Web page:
European stock markets slid on Friday -- with Athens dropping over four percent -- as investors reacted to Greece delaying a debt repayment, and awaited key US jobs data.
The OPEC oil cartel was meanwhile holding a meeting to determine production levels, with expectations that it will continue pumping at the current high levels, which would put downward pressure on already low crude prices.
"Today’s (US) non-farm payrolls data, snippets of news on Greek discussions and sound bites from today's OPEC meeting are all battling for traders' attention," said Alastair McCaig, market analyst at IG trading group.
London's benchmark FTSE 100 index lost 0.78 percent to stand at 6,805.97 points in late morning deals.
Frankfurt's DAX 30 shed 1.15 percent to 11,209.74 points and the CAC 40 in Paris tumbled 1.43 percent to 4,915.89 compared with Thursday's close.
The European single currency rose to $1.1262 from $1.1239 late in New York on Thursday.
Greece bought time in debt crisis negotiations with official creditors Thursday when it moved to bundle four looming IMF loan payments into one, to be paid by the end of June.
The rare move, permitted by the International Monetary Fund only once before, allowed Athens to avoid a Friday deadline to remit about 300 million euros ($340 million) to the crisis lender, as it weighs the newest proposal from its IMF, European Commission and European Central Bank creditors.
Athens' Athex Composite index suffered a hefty 4.55 percent slide to 789.47 points in midday deals, with stocks of Greek banks declining over five percent.
Asian stocks meanwhile dropped Friday and Wall Street retreated overnight after the IMF slashed its forecasts for US growth this year to 2.5 percent from a previous estimate of 3.1 percent, citing a ports strike, bad winter weather, a strong dollar and the oil price downturn.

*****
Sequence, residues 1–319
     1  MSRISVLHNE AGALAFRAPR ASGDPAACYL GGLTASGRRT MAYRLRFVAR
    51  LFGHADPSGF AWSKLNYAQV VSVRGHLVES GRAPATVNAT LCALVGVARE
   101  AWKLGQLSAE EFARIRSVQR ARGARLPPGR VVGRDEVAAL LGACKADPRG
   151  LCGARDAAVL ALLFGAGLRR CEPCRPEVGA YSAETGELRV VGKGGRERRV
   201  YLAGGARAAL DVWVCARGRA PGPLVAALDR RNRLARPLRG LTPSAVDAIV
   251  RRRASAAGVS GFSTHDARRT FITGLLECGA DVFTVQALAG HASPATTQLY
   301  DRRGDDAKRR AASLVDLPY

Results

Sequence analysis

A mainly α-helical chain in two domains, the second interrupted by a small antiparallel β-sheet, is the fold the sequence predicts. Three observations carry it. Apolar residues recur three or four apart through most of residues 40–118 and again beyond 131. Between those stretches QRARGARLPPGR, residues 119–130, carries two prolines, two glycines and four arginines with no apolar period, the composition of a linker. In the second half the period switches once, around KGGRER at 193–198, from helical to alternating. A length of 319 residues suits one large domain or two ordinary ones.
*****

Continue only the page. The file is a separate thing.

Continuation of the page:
Fund head Christine Lagarde also called on the US Federal Reserve to refrain from hiking interest rates until 2016, saying conditions were not supportive of a move this year.
Her comments come as markets await the release Friday of US jobs growth for May, which is used by the Fed to guide rate policy.
"The first Friday of the month will once again see the usual volatility injection into the currency markets courtesy of the US non-farm payrolls figures," said analyst McCaig.
Despite edging higher Friday, the euro has been relatively weak against the dollar, helping to support the German economy, Europe's biggest.
Germany's central bank said the country's economy has shifted into higher gear powered by low unemployment, higher wages and a weak European single currency.
After notching up growth of 1.6 percent last year, Germany would see gross domestic product expand by 1.7 percent in 2015, 1.8 percent in 2016 and 1.5 percent in 2017, the Bundesbank said Friday in its latest monthly report.